>>         would go as follows:
>>         1. Create a hidden iframe with the DOM APIs
>>         2. Setup polling to read the URL (this will be possible for
>>         same-origin pages, not for cross-origin pages)
>>         3. Create an authorization request such as
>>         “//authorize?response_type=code&client_id=...&
>>         <>&state=...&code_challenge=7-ffnU1EzHtMfxOAdlkp_WixnAM_z9tMh3JxgjazXAk&code_challenge_method=S256/”
>>         4. Load this URL in the iframe, and keep polling
>>         5. Detect the redirect back to the application with the code
>>         in the URL, retrieve code, and use PKCE (+ DPoP if needed) to
>>         exchange it for tokens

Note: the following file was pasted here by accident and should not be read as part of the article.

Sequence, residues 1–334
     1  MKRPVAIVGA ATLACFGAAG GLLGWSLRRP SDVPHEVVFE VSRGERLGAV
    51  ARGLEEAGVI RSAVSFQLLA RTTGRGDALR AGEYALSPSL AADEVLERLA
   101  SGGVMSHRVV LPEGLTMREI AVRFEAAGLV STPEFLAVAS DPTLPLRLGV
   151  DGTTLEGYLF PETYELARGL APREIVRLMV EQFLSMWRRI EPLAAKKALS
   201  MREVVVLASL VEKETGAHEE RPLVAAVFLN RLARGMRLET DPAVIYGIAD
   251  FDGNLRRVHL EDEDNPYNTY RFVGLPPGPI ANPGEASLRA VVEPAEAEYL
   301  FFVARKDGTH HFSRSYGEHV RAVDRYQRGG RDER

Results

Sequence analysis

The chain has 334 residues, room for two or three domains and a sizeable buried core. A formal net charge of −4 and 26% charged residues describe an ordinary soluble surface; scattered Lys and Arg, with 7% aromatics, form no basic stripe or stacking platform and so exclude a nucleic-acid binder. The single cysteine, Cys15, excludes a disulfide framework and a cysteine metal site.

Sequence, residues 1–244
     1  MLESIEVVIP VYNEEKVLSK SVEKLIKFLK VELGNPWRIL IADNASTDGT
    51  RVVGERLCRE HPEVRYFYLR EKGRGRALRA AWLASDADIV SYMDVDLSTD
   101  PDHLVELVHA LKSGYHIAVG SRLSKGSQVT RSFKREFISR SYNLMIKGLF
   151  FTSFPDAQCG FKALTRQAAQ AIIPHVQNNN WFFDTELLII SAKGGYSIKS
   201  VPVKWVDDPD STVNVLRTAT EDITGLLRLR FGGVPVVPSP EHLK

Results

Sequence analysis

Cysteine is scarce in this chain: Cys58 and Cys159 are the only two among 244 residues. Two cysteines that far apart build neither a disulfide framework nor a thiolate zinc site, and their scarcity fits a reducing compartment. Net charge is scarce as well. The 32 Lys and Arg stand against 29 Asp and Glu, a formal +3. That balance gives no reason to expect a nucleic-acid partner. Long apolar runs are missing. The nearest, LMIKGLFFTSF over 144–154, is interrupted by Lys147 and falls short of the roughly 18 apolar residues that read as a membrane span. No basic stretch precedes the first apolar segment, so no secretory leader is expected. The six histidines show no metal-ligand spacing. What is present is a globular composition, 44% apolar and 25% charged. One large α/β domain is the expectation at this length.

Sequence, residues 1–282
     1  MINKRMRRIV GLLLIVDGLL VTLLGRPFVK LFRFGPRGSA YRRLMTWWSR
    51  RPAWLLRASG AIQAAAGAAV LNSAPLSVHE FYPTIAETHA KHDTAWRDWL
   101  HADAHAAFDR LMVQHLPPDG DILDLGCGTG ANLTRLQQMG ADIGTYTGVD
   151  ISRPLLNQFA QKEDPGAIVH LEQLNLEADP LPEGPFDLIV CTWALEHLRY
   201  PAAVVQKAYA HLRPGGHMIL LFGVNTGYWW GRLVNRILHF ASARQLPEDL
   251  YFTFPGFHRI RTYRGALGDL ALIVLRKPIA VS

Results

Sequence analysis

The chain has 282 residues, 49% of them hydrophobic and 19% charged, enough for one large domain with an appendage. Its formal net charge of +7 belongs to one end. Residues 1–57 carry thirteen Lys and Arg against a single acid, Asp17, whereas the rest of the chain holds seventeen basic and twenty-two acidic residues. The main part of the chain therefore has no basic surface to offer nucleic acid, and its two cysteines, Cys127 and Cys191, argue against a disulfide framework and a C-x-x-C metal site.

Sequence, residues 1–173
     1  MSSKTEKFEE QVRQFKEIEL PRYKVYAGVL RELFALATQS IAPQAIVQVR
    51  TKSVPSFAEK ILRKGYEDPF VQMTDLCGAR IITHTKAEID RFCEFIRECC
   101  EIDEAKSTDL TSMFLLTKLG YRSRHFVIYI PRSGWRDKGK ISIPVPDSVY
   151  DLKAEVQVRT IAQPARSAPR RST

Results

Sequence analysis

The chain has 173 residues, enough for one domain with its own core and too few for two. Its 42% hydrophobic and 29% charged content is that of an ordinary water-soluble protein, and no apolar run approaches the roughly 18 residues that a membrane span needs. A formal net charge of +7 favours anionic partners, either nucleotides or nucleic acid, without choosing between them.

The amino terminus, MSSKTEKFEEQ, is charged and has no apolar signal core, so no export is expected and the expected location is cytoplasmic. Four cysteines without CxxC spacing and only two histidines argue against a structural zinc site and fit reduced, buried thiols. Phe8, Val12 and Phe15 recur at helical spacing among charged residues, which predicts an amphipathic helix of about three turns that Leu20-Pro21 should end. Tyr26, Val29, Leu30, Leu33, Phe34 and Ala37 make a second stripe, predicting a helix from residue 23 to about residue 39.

>>         In step 5, the application is likely to also try to exchange
>>         the code. This will fail due to a mismatching PKCE verifier.
>>         While noisy, I don’t think it affects the scenario.
>>>         IMO, the online attack scenario (i.e., proxying malicious
>>>         requests through the victim’s browser) is quite appealing to
>>>         an attacker, despite the apparent inconvenience:
>>>          - the victim’s browser may be inside a corporate firewall
>>>         or VPN, allowing the attacker to effectively bypass these
>>>         restrictions
>>>          - the attacker’s traffic is mixed in with the user’s own
>>>         requests, making them harder to distinguish or to block
>>>         Overall, DPoP can only protect against XSS to the same level